New musculoskeletal (MSK) services to support disabled people and help them into employment will be trialled under proposals from the Department of Health and the Department of Work and Pensions.
The goverment proposes working with NHS England to collect data about MSK services
The plans, set out in the Improving Lives: The work, health and disability green paper, call for closer links between treatment and employment support.
Published on 31 October, the green paper covers England, Scotland and Wales. Its emphasis on improving primary care services so they support better MSK health was welcomed by CSP policy officer Rachel Newton.
One example in the document is a west Cheshire service in which CSP members work with GPs to provide direct access to advanced practice physios at the surgery.
‘The CSP will continue to work with the departments for work and pensions and health, to see how physio pilots in primary care, like west Cheshire, can be made into mainstream services,’ said Ms Newton.
Lack of data on MSK services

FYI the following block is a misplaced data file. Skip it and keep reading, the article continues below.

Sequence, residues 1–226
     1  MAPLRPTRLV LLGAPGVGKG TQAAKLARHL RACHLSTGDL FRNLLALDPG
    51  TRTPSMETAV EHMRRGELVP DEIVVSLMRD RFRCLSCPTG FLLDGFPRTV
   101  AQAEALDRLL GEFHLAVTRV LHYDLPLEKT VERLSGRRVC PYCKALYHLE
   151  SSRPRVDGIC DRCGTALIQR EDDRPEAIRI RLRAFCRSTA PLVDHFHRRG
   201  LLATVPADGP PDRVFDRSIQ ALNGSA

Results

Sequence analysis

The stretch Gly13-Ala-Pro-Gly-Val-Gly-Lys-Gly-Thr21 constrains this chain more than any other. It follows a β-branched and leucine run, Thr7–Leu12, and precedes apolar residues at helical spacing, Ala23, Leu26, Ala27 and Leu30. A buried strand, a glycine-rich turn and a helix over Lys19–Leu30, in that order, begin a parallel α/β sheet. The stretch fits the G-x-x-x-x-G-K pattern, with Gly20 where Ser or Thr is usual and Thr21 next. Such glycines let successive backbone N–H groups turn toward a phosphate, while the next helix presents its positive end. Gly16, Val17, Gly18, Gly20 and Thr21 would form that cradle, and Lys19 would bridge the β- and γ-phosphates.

Employment rates among disabled people reveal one of the most significant inequalities in the UK today, according to the government.
Less than half (48 per cent) of disabled people are in employment, while the figure for the non-disabled population is 80 per cent.
The government points to a lack of data about the MSK services that are currently commissioned, however. To resolve this, it proposes to work with NHS England on identifying opportunities for regular data collection about the prevalence and outcomes of MSK services.
It recognises the importance of occupational health and vocational rehabilitation in helping people into work, as well as preventing them from falling out of work because of ill health or disability.
But these services can be inconsistent, inaccessible and poorly tailored to the needs of individuals, the government says.
As a resolution, it proposes a ‘whole person approach’ to occupational health, with integrated, expert and impartial advice, and timely access to support.
Self-referral to physiotherapy
With its bold aim of transforming the employment prospects of people with a disability or long-term health condition, the green paper is open for consultation to people living in England, Scotland and Wales until 17 February 2017.
Its publication follows the launch of the latest CSP Physiotherapy Works briefing which promotes the role of physiotherapists in expanded primary care teams.
A key recommendation is that clinical commissioning groups use self-referral to physiotherapy as a way of providing fast and cost-effective treatment for patients.
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